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Wednesday, December 14, 2005 FULL SHOW | HEADLINES | PREVIOUS: Study Shows Civilian Death Toll in Iraq More Than...
2005-12-14

Protests Continue at WTO Conference as Talks Stall Over Agricultural Trade

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The World Trade Organization has entered its second day of its ministerial meeting in Hong Kong. South Koreans have led attempts to reach the convention center by swimming across Hong Kong Bay. They have been blocked off by heavily armed police barricades and beaten back by riot police with pepper spray and batons. We speak with Anuradha Mittal, an expert on world trade issues in Hong Kong. [includes rush transcript]

The conference is the culmination of a multi-year WTO negotiation process referred to as the "Doha round" that began in Qatar in 2001. Trade Ministers from 149 countries are negotiating a series of multilateral trade agreements that would rewrite trade laws on agriculture, industrial goods and services. Much of the negotiations at the WTO meeting centers on agricultural trade laws.

  • Donald Tsang, Chief Executive of Hong Kong and Chairman of the WTO:
    Ladies and gentlemen, we are at a historic junction—trade, liberalisation and economic growth is a permanent goal for all of us as WTO members. While I acknowledge, in some parts of the world, this goal is seen as a threat rather than an opportunity, the negotiations under the Doha agenda must press ahead.

The World Trade Organization meeting has been met by thousands of demonstrators from around the globe including farmers, trade unionists, migrant workers and activists from immigrant rights and women’s rights groups. Earlier today, a group of militant South Korean farmers attempted to gain access to the WTO meeting by pushing through hundreds of riot police.

On Tuesday, nine people were injured when police used a skin irritant spray on a group of protestors. Hong Kong is staging one of its largest security efforts ever. Authorities say they want to avoid a repeat of the massive protests that shut down the WTO in Seattle in 1999 and disrupted the WTO in Cancun in 2003.

Before the meetings began, Hong Kong authorities tried to prevent many international activists from entering the city. Jose Bove, the prominent French anti-globalization activist and farmer, was initially denied entry into Hong Kong and held at an airport detention center until the French delegation intervened. On Tuesday, protestors sneaked inside the conference hall and disrupted WTO Director-General Pasal Lamy’s inaugural speech with shouts of "development yes, Doha no," and, "no deal is better than a bad deal." The biggest point of contention at the WTO meeting has been proposals to lower agricultural tariffs. Critics say such a move would benefit the rich at the expense of poor farmers.

  • Walden Bello, speaking at the WTO yesterday, Director of Focus on the Global South:
    Ten years of the WTO has brought nothing but more poverty, more inequality, economic stagnation throughout many parts, throughout most of the developing world. This is not an institution that promotes development. This is an institution that promotes corporate trade, promotes corporate profit, that promotes destruction of the environment. It is an anti-people organisation.

One of the largest group of protesters in Hong Kong are South Korean rice farmers who fear that new agreements advocated by the U.S and supported by the Korean government will lead to the disappearance of 3.5 million farming jobs and an end to food security for the country. During the last two days, South Koreans have led attempts to reach the convention center by swimming across Hong Kong Bay. They have been blocked off by heavily armed police barricades and beaten back by riot police with pepper spray and batons.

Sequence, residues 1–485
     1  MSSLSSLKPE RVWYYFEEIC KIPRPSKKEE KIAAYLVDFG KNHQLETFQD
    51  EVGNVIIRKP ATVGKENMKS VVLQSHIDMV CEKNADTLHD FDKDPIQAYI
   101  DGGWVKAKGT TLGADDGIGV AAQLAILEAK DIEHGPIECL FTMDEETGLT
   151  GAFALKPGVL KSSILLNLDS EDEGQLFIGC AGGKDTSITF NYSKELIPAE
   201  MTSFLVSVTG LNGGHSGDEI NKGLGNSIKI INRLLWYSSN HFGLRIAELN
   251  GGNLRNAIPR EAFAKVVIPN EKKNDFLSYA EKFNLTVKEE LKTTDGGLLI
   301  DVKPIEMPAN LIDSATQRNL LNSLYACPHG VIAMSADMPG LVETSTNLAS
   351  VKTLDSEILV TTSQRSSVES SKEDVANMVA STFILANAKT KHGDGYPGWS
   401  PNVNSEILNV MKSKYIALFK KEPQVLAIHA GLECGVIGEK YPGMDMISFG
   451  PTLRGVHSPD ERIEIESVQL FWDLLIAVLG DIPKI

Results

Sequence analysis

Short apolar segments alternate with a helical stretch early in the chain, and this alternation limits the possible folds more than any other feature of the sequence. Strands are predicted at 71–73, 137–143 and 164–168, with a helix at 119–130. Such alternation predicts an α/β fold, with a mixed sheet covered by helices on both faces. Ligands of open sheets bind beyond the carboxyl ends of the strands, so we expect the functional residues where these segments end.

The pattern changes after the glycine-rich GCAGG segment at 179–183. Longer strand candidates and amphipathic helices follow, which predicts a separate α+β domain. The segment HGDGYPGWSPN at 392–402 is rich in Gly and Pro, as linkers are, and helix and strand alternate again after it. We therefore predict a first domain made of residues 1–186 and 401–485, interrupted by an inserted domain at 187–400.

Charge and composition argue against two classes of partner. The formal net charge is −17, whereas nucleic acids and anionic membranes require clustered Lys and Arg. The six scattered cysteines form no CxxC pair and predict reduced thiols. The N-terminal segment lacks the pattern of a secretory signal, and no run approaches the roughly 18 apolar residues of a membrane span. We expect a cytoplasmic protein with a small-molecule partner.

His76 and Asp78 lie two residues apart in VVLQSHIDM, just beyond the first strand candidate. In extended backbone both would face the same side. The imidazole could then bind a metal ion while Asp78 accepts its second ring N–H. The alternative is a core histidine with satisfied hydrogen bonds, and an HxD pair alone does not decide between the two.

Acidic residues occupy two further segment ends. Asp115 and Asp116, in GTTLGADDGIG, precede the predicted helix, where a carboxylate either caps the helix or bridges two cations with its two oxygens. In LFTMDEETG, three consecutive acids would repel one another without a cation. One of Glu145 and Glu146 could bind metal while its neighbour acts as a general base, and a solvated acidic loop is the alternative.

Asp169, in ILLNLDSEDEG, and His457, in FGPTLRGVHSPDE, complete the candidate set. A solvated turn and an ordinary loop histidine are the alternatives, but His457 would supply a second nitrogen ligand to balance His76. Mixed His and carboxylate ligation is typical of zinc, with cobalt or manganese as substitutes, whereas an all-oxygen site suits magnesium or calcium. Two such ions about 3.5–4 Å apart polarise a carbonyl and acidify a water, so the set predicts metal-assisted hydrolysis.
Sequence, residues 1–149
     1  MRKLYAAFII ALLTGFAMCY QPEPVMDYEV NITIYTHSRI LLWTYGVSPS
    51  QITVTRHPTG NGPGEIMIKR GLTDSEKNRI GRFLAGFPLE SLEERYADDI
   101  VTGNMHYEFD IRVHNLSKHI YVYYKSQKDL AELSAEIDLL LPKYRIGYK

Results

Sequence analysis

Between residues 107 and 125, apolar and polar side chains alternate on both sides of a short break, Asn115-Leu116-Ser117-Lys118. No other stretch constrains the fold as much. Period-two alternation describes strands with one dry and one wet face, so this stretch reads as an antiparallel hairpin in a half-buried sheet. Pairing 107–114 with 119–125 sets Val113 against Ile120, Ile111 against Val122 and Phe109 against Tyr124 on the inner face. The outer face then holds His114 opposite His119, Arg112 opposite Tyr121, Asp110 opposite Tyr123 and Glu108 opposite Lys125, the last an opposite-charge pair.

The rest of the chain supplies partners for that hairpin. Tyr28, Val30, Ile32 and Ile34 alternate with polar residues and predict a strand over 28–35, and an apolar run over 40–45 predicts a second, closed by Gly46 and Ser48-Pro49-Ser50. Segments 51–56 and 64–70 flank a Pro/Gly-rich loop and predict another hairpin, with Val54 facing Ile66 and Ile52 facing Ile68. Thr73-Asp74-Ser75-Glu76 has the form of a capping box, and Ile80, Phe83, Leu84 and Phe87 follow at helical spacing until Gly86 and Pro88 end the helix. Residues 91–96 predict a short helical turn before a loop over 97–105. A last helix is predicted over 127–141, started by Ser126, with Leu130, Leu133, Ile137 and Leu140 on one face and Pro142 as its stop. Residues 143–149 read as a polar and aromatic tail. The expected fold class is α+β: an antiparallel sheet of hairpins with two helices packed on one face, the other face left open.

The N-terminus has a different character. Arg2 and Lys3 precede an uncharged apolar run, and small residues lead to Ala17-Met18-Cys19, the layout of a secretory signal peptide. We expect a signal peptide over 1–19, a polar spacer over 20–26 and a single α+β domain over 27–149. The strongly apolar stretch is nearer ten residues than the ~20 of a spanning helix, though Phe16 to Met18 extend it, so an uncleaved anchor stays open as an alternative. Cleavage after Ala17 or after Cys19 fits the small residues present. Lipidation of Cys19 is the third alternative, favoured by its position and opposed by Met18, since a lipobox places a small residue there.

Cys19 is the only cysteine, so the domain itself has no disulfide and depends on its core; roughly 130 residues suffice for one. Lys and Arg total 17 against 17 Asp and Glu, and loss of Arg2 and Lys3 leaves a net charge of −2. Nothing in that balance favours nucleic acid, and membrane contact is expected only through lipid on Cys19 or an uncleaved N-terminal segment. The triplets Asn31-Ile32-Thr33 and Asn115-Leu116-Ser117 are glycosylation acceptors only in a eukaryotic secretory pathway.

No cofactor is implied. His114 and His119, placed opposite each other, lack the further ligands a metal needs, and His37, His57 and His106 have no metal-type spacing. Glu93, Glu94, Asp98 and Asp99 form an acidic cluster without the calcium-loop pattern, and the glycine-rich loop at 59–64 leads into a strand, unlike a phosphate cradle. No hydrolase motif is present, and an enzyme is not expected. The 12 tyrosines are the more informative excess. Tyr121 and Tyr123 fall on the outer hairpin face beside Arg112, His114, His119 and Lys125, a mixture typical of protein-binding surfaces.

On Wednesday, the United States and the European Union clashed over food aid to poor countries. EU delegates complained that the US distorts trade and protects US farmers by sending food commodities to poor nations. And US officials have been pressuring the EU to change their farm tariffs and subsidies. The deadlock over farm trade has already led negotiators to lower expectations for the meeting’s outcome.

  • Anuradha Mittal, founder and director of The Oakland Institute, a California-based think that advocates for fair trade. Speaking from Hong Kong.

Transcript

This is a rush transcript. Copy may not be in its final form.

JUAN GONZALEZ: This is the Chief Executive of Hong Kong and chairman of the WTO, Donald Tsang.

DONALD TSANG: Ladies and gentlemen, we are at an historic juncture. Trade liberalization and economic growth is a permanent goal for all of us as WTO members. While I acknowledge that in some parts of the world, this goal is seen as a threat rather than an opportunity, the negotiations under the Doha development agenda must press ahead.

JUAN GONZALEZ: That was Donald Tsang, chairman of the WTO. The World Trade Organization meeting has been met by thousands of demonstrators from around the globe, including farmers, trade unionists, migrant workers, as well as activists from immigrant rights and women’s rights groups. Earlier today, a group of militant South Korean farmers attempted to gain access to the WTO meeting by pushing through hundreds of riot police.

On Tuesday, nine people were injured when police used a skin irritant spray on a group of protesters. Hong Kong is staging one of its largest security efforts ever. Authorities say they want to avoid a repeat of the massive protests that shut down the WTO in Seattle in 1999 and disrupted the WTO in Cancun in 2003.

Before the meetings even began, Hong Kong authorities tried to prevent many international activists from entering this city. Jose Bove, the prominent French anti-globalization activist and farmer was initially denied entry into Hong Kong and held at an airport detention center until the French delegation intervened. On Tuesday, protesters sneaked inside the conference hall and disrupted WTO Director-General Pascal Lamy’s inaugural speech with shouts of "Development, yes! Doha no!" and "No deal is better than a bad deal." The biggest point of contention at the WTO meeting has been proposals to lower agricultural tariffs. Critics of this say such a move would benefit the rich at the expense of poor farmers.

This is Walden Bello, speaking the at WTO yesterday. He is Director of the Focus on the Global South.

WALDEN BELLO: Ten years of the WTO has brought nothing but more poverty, more inequality, economic stagnation throughout many parts — throughout most of the developing world. This is not an institution that promotes development. This is an institution that promotes corporate trade, that promotes corporate profit and that promotes destruction of the environment. It is an anti-people organization.